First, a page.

Blog Entry

Report: NFL working on new free agency rules

Posted on: May 9, 2011 12:27 pm
Edited on: May 9, 2011 4:33 pm
Posted by Josh Katzowitz

UPDATED 4:32 p.m. ET: From the Twitter account of NFL spokesman Greg Aiello:

"Re: reports that if forced by courts to operate w/o consent of players, rules for 2011 could be different than 2010 rules: here is our reax: Our goal has at all times been the same – to operate under a negotiated set of procedures that are agreed to by the clubs and NFLPA. The current litigation has created a significant amount of uncertainty and we are therefore considering a wide range of alternatives depending on developments."


Daniel Kaplan of the Sports Business Journal reports that the NFL is working on free agency rules for the 2011 season that “would be very different from 2010.”

As Kaplan writes on Twitter, though, no decision has been made to go forward with those potential new rules. And if the Eighth Circuit Court of Appeals does not overturn Judge Susan Nelson’s lockout injunction, the NFL still could choose to revert to the 2010 rules if and when it has to begin the 2011 calendar season.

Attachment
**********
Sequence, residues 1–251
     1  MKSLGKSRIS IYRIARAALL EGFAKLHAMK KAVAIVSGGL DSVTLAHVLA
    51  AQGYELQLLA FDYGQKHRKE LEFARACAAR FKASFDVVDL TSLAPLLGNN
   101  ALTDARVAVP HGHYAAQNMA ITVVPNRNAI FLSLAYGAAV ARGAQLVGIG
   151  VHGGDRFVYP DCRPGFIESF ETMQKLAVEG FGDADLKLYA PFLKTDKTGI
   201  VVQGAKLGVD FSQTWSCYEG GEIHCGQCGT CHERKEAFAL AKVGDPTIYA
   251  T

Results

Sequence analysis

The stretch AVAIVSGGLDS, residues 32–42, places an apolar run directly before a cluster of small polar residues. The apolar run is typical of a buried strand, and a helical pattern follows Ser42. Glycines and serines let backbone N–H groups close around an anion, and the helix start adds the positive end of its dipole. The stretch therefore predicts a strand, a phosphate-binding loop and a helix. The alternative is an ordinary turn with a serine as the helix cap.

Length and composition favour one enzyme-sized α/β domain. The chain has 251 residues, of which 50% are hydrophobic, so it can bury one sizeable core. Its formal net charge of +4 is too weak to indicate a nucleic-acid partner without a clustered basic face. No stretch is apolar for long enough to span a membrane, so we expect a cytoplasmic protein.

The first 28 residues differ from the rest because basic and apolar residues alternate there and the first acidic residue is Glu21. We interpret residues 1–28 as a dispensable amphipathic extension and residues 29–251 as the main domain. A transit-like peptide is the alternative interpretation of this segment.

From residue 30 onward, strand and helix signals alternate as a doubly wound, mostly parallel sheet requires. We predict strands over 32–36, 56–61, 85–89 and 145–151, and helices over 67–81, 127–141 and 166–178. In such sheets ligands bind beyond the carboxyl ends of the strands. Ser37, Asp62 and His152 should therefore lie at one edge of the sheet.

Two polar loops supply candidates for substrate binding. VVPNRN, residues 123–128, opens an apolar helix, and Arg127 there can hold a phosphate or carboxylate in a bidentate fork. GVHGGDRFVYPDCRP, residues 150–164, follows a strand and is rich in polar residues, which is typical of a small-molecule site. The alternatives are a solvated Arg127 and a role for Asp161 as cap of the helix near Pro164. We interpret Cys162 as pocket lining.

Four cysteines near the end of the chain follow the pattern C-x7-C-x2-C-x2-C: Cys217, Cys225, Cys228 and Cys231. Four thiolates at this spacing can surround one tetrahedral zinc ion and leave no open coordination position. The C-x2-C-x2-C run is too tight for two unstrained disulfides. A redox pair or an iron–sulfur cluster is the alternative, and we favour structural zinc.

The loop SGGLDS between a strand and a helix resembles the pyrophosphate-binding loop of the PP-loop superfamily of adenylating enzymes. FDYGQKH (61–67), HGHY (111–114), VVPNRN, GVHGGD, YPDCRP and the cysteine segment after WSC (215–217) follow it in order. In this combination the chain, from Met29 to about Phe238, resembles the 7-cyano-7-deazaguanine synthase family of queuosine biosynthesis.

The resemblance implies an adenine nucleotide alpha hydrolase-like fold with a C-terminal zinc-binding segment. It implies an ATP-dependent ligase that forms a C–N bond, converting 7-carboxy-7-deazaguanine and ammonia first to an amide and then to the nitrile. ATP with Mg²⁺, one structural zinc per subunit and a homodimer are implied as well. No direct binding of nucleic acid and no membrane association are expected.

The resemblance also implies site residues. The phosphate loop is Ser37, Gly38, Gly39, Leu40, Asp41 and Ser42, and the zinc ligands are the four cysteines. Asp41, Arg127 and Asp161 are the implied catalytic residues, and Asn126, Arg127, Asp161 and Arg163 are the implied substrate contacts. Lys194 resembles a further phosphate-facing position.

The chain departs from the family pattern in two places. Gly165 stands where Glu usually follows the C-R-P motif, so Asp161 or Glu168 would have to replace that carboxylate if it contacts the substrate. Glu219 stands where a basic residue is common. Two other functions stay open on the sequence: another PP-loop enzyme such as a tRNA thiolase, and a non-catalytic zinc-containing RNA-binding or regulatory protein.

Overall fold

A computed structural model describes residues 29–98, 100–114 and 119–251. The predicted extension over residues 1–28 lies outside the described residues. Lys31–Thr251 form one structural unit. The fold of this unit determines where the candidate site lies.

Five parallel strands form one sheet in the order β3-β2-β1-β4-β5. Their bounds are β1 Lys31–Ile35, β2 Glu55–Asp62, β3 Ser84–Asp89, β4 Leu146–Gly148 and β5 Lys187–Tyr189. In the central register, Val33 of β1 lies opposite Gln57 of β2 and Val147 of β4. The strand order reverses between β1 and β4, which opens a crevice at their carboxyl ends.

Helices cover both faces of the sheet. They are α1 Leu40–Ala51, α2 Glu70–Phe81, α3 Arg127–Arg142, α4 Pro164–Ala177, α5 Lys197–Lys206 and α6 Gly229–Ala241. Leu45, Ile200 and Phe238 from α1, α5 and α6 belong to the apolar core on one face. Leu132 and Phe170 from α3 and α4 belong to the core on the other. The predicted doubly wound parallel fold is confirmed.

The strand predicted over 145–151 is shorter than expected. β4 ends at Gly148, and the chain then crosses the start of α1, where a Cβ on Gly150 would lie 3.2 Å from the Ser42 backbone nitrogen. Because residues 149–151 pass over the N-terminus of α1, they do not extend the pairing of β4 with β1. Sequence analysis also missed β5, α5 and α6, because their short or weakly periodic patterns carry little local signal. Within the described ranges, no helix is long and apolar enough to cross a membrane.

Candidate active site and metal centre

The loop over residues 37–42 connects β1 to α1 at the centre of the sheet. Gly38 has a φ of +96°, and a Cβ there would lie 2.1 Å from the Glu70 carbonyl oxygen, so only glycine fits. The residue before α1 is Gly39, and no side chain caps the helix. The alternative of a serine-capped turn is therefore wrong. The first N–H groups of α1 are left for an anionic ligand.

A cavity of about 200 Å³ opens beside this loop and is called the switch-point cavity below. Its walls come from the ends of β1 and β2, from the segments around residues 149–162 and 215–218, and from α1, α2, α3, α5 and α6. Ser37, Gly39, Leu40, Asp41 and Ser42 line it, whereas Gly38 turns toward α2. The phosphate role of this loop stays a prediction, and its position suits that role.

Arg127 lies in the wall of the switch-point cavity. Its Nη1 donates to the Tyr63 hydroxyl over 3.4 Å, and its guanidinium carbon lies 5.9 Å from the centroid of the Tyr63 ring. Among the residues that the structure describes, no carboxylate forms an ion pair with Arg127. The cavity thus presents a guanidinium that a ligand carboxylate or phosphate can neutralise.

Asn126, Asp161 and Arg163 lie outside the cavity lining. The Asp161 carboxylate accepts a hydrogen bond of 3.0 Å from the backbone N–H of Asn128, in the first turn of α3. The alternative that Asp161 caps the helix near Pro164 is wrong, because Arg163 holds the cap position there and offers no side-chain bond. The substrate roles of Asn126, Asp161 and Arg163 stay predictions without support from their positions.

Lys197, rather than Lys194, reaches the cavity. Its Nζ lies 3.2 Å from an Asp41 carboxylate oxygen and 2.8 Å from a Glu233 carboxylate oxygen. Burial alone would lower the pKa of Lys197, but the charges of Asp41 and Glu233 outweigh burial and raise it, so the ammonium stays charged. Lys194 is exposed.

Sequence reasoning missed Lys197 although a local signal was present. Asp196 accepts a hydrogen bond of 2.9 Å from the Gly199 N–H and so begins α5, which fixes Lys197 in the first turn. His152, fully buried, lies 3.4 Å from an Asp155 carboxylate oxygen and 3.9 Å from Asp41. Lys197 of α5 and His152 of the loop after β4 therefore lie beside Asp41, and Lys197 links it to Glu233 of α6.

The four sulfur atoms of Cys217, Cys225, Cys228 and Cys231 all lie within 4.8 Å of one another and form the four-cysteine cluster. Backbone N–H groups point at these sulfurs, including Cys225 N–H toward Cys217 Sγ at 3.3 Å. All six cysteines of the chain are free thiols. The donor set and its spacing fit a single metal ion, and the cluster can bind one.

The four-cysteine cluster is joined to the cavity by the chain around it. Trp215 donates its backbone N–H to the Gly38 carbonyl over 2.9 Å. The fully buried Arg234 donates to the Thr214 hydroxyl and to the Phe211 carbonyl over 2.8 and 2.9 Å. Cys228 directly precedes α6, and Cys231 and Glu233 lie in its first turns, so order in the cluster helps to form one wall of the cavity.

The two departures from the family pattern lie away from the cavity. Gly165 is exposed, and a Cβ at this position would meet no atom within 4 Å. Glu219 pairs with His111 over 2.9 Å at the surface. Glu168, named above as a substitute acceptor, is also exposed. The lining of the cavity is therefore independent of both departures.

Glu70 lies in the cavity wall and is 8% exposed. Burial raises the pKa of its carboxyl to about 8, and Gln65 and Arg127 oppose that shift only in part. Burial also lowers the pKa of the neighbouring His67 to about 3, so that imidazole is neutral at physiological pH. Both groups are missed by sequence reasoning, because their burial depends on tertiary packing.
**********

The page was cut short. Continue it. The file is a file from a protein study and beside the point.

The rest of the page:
The biggest difference in the 2010 free agency rules was that a player had to wait until after his sixth year before he became an unrestricted free agent (as opposed to after four years in the previous salary-capped seasons). For players who had four accrued seasons after 2009 and would normally have become unrestricted free agents, a reversion to the 2010 rules for 2011 would be the second-straight season they would be restricted in their free agency.

As the NY Times reports, the ending of the lockout also could allow the NFL to create more stringent drug testing rules, because there would be no union to stop it.

Roger Goodell already is on record as saying he wanted blood testing for human growth hormone, and this might be a good opportunity for him to do it (even though many players would vehemently disagree with that decision - unfortunately for them, they have no union to negotiate on their behalf).